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Hussein execution would fuel sectarian violence: ex-US AG Clark

[JURIST] Former US attorney general turned Saddam Hussein defense lawyer Ramsey Clark [Salon.com profile] told a Washington press conference Tuesday that executing Saddam only would only precipitate more sectarian violence in Iraq. He made the comment only a few days after the New York Times reported that Hussein believes the tribunal will issue a death sentence against him [JURIST report] that the US can use as leverage to persuade him to help end the Sunni insurgency. Taking up familiar themes [JURIST report], Clark said the US has unduly influenced the trial, which he contended has been fundamentally unfair from the beginning because the defense team has been prevented from interviewing witnesses and otherwise investigating the case. Echoing concerns [security requirement memo, PDF] he articulated to the Iraqi High Tribunal in a December filing [PDF], Clark also demanded increased security for the defense team after a third lawyer involved in the trial was murdered [JURIST report] last week. Hussein's lawyers have threatened to boycott the trial [JURIST news archive] unless their security is improved. At the same press conference, Curtis Doebbler [JURIST op-ed], the other American on the Hussein defense team, claimed that there was "an intentional effort...by the United States government to intimidate us and to try to prevent us from even coming to the trial, much less in providing a defense." CNS News has more.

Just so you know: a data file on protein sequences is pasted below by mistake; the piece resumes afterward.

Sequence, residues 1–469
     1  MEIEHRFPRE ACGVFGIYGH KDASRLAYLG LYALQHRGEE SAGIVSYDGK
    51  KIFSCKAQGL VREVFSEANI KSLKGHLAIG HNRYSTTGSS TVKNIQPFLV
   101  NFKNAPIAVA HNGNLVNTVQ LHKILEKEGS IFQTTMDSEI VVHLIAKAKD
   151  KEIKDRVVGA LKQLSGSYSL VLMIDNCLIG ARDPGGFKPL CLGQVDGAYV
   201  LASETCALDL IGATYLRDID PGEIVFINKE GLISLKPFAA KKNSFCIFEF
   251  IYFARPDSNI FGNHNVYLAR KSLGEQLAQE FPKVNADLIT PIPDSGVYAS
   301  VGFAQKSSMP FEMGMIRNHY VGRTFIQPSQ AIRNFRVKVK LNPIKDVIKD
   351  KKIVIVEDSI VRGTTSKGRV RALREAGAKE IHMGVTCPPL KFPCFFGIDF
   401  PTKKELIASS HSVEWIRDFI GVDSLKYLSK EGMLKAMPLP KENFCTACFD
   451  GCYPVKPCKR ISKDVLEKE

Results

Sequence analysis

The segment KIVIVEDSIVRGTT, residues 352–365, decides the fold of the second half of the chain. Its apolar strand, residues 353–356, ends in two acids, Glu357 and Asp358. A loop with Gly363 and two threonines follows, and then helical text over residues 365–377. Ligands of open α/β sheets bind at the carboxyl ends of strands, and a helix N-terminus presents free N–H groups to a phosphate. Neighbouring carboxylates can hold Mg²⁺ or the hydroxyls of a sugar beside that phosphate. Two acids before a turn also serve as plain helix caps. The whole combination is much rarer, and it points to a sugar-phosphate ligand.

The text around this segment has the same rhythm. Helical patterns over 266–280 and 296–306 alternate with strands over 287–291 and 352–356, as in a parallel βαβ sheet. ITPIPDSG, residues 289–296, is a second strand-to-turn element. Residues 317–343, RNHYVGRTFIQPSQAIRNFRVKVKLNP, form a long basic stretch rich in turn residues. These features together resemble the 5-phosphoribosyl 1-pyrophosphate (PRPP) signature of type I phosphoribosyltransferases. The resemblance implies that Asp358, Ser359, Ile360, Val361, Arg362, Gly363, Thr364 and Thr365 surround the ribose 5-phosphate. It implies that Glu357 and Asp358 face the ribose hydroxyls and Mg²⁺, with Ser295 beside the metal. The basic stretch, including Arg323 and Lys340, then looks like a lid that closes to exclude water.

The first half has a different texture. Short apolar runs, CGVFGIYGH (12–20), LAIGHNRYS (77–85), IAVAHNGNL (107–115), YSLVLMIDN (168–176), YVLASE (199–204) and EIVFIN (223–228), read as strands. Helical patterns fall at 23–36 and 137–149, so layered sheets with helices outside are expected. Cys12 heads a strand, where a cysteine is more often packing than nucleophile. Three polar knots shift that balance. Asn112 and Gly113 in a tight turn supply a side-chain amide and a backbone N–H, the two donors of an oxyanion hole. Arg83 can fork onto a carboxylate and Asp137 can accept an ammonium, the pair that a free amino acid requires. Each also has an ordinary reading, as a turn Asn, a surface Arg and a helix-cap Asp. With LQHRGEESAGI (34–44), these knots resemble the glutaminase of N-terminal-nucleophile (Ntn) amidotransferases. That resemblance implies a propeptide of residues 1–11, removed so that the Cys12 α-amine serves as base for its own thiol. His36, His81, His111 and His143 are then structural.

The defense summation is scheduled for July 10. Hussein and his seven co-defendants are charged [JURIST report] with killing, torturing and illegally detaining Dujail residents and with committing other inhumane acts in response to an alleged 1982 assassination attempt on Hussein. Reuters has more.

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